Lebialem is found in the South West Region of Cameroon. The
division has a total surface area of 617 km².
According to the 2014 population census, it was estimated that 160,000 lived in the area.
Lebialem is located on the north eastern part of the Southwest Region of the country.
It is bordered to the north by Momo in the North West region, to the south and south west by the Kupe-Muanenguba and Manyu, and to the East by the Menua Division of the West Region of the country. Its Headquarters is Menji.
The name Lebialem was gotten from a famous twin waterfall commonly known as Lebialem waterfall, which is pronounced by the indigenes as ᶦᶦLebe-alemᶦᶦ which simply means a hill from which water drops in to a pool.
The waterfall is as a results of two separate far apart rivers (Ntsembeuh and Begeuh) which culminates at a very close range and plunge from an altitude of over 100 m in to a single pool.
The indigenes of Lebialem Division are said to have migrated from different origins. Some of the Bangwas especially those in Alou Sub-Division originated from the Bamileke in the West Region of the country, while those in Fontem are said to have migrated from the Bayangs in Manyu. The Melabeh in the Mundani tribe have their roots from the Bayang area and the Widikum in the North West Region.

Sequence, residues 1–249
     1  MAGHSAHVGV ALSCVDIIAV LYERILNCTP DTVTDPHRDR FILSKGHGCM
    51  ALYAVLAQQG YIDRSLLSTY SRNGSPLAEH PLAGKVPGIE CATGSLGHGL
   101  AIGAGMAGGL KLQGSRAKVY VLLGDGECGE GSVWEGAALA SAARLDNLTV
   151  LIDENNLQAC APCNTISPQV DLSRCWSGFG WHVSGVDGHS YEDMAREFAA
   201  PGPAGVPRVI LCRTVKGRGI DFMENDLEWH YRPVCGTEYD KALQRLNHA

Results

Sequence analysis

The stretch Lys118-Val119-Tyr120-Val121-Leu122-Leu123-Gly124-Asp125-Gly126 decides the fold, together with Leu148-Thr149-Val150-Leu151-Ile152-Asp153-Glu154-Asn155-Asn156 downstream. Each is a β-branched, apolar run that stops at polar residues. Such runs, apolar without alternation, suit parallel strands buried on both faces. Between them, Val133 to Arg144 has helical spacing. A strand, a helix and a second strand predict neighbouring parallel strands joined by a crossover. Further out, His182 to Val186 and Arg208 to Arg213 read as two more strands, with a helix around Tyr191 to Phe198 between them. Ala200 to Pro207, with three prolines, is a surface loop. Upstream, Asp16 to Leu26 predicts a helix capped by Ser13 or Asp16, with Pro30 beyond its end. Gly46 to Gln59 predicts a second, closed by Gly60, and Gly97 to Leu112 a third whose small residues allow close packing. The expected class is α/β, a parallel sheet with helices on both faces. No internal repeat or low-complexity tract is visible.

Victor Julius Ngoh in History of Cameroon since 1800 explained that, the Lebialem people are part of the Tikas who migrated through time from the Lake Chad area. The Tikas who are a dominant population migrated from the Northern part of the country southward and their offspring occupy most of the western grassland.
The main Fondoms that make up Lebialem Division include Lewoh, Nwametaw, Ndungated, M’mouck-Mbie, Nwangong, M’mouck-Ngie in Alou sub-division, Bangang, Bechati, Bamumbu, Folepi, Banti, Besali, Nkong and Egumbo in Wabane sub-division and Lebang, Essoh-Attah and Njogwi in Fontem sub-division.
Bangwa simply describes all of the inhabitants of the nine even though they do no not constitute a single political unit or a tribe. The name Bangwa is derived from the Nwe or Nwa in the northern dialect. The Nwe or Nwa refers to both the area and the language, which therefore means that, the Bangwa refers to those who speak the Nwe language and inhabit the area.